Secrets of Murder: Uncovering a Family History Mystery
People often ask professional genealogists why they chose genealogy as a profession. What was the catalyst that started their journey into family history? Mine was simple: my grandparents grew up during the Great Depression in rural Alabama, and they chose not to relive those experiences and never passed on their family history to their children or grandchildren.
I had been interested in my family history from a young age, but efforts to glean any information about my grandmother Marie’s family was akin to an act of Congress. I would ask her about her family, but all efforts to sweet talk her, beg her, or otherwise barter information about her family went unanswered. That woman was stubborn as the day is long (I see some of her stubbornness in my own children today). I gave up and began researching on my own after school and on the weekend.
A Surprising Revelation…
As she got older, Marie developed Alzheimer’s disease and her mental filter slowly started to wane. She wasn’t as guarded as she used to be, and she would occasionally provide quips of information about her father or mother, but nothing extraordinary and definitely nothing that painted them in a bad light.
One day, out of the blue at the dinner table, she casually explained to my father and me that she had a brother who was murdered while gambling with some other men in a nearby town. I will never forget the look on my father’s face as we simultaneously dropped our forks and looked at each other in astonishment. We knew all her brothers—I had photos of all of them standing next to her at her father’s grave, and none of them had been murdered. My father discounted this information as part of her illness; her mind must have been playing tricks on her. But something in me said, “There’s more to this story than meets the eye.” The following weekend I went online and started to search for this elusive brother.
Unraveling the Family History Mystery
I knew that my great-grandparents had married sometime around 1922 because my grandmother was their first child. I also knew that my great-grandfather had been married once before and he and his first wife had six children. When I found the family in the 1930 U.S. census, I was able to account for all my great-aunt and uncles… all of them except one—ten-year-old Ethel Johnson.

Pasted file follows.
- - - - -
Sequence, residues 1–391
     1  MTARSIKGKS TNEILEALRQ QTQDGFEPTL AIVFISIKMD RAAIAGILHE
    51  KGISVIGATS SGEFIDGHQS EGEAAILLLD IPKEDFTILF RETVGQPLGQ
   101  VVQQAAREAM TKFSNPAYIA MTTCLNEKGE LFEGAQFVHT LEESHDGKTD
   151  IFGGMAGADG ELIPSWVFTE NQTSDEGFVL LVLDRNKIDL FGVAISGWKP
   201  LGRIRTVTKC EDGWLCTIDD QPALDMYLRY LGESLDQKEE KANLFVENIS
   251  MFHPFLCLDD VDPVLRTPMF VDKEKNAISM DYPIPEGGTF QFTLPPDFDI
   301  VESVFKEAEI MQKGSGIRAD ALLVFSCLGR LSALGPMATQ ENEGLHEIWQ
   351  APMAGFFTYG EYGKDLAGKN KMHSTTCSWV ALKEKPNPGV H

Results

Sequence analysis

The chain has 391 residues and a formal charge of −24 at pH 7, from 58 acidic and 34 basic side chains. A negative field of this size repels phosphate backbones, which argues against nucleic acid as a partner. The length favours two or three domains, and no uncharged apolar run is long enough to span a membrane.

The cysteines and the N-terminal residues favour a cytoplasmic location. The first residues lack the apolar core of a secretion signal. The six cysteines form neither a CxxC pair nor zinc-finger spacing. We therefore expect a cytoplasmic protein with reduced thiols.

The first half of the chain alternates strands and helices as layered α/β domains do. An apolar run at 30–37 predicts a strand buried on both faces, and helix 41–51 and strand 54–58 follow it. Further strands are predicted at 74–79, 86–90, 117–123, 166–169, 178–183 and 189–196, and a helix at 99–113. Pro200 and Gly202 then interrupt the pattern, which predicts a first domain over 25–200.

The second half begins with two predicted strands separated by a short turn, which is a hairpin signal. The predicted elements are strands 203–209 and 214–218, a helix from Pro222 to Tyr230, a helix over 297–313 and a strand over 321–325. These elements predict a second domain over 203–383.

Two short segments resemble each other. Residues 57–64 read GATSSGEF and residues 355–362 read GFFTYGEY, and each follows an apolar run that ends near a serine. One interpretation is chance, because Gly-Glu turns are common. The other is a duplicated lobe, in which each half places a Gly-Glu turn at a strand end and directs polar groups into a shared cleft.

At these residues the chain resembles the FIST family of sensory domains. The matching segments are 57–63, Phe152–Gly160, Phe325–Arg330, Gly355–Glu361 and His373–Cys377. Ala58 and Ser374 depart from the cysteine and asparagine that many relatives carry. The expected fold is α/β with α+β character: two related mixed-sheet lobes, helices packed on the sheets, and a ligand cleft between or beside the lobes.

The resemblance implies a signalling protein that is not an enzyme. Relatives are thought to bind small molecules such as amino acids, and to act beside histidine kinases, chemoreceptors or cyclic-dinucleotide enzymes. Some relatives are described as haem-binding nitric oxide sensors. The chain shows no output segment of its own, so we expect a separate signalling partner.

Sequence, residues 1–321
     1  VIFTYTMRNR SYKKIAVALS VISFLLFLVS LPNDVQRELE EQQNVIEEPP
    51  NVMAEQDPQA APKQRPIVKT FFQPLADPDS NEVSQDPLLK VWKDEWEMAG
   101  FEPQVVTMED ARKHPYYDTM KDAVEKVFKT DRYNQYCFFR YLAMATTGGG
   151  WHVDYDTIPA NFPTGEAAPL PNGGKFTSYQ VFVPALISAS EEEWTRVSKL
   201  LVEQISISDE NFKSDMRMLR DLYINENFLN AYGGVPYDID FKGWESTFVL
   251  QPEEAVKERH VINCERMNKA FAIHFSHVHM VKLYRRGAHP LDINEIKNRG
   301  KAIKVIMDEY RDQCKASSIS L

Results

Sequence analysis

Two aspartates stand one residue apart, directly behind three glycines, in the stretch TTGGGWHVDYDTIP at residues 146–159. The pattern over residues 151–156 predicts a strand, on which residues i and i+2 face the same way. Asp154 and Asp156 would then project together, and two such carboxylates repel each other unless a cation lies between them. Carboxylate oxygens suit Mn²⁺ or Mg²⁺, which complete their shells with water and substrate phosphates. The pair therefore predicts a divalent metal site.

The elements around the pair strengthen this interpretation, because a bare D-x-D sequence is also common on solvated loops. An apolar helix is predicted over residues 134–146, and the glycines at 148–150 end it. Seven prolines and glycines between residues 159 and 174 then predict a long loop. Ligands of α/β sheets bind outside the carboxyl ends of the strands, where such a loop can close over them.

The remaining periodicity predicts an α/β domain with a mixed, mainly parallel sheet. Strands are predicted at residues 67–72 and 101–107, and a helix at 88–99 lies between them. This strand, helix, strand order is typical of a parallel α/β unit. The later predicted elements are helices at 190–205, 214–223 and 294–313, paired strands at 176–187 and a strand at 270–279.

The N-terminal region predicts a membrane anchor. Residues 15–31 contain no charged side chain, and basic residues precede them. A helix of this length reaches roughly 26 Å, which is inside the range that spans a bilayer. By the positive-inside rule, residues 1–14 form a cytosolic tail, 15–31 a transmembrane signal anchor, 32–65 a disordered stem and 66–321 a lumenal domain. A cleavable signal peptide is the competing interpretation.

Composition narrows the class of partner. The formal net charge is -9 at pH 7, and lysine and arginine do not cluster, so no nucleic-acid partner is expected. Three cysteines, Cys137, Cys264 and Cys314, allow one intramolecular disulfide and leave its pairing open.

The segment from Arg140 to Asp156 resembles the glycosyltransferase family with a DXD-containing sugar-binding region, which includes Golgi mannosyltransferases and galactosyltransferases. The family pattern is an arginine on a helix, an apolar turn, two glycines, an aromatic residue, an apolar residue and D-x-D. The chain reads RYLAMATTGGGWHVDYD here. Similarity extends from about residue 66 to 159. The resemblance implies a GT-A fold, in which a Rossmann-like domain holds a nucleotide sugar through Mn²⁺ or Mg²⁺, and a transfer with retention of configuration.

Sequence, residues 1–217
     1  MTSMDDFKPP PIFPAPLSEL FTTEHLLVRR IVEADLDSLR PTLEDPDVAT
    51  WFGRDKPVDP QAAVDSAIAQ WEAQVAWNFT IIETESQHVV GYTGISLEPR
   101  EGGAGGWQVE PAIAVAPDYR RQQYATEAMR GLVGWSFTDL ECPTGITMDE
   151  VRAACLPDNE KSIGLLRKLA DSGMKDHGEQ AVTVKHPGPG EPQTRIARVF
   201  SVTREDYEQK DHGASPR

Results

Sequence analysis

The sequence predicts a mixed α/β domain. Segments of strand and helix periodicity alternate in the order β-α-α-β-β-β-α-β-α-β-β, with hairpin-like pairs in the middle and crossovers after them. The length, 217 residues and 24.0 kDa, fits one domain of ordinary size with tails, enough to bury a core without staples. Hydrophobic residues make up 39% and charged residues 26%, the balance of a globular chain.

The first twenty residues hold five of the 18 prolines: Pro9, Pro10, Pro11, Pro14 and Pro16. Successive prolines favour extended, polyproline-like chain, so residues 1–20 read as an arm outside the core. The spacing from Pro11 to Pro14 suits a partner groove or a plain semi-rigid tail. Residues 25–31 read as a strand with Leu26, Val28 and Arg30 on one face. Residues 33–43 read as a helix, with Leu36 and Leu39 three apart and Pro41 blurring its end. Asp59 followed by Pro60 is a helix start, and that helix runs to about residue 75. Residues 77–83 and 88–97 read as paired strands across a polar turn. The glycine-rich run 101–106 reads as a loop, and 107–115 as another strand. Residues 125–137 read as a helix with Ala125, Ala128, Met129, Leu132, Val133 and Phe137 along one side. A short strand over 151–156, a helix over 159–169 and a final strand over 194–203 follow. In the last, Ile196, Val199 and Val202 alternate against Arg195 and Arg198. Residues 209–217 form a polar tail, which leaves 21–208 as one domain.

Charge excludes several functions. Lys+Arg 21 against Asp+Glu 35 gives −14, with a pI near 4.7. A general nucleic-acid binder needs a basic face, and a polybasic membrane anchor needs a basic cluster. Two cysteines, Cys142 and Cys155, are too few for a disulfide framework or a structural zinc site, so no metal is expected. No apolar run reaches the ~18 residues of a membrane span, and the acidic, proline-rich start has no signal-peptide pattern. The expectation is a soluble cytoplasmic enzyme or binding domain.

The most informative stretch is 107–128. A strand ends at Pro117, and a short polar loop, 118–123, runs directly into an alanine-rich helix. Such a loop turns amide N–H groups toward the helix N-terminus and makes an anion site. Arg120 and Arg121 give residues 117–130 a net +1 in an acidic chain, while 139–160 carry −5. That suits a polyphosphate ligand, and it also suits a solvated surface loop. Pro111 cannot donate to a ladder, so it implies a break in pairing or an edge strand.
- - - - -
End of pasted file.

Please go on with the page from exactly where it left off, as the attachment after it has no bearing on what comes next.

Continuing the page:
I had assumed Ethel was my grandmother’s half sister from her father’s first marriage, but she was born after my great-grandfather’s first wife had already died. When I searched for my great-grandparents’ marriage certificate, I found they had married about eight years after Ethel was born and my great-grandmother had a different surname than what we were always told. A couple more clicks of the mouse revealed the answer to this conundrum—my great-grandmother had also been married once before and that marriage produced two children: Razzie and Ethel. Razzie was born about 1917, and through a series of unknown events, he never lived with my great-grandparents. Ethel did live with them and adopted her stepfather’s surname, hence her enumeration in the census record.
Discovering the Truth
Newspaper clippings revealed the story Grandma Marie had recounted that day at the dinner table was almost entirely accurate: Razzie was killed on New Year’s Day in 1937 after arguing with a man about whiskey. According to the newspaper articles, the man went to Razzie’s home, knocked on the door, and then shot him. He would later go on trial and be found guilty for Razzie’s murder.
When we questioned other family members about Razzie’s murder, no one knew anything about it. His death hadn’t been talked about for almost seventy years. His life had sadly been forgotten by those who knew him… forgotten by everyone but his little sister, Marie.
Razzie was buried in a modest cemetery on the outskirts of town. The locals who maintain the cemetery chipped in many years ago and bought him a small tombstone. The groundskeepers never knew what brought Razzie there, but thanks to my grandmother’s slip of the tongue, he will never be forgotten again.
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1. “Razie Boston Shot By Huland Quick,” Cullman Democrat (Cullman, Alabama), 7 January 1937, p. 1, https://newspapers.com, subscription database, accessed June 2020; “Circuit Court Ends It’s September Session,” Cullman Democrat (Cullman, Alabama), 23 September 1937, p. 1, https://newspapers.com, subscription database, accessed June 2020.
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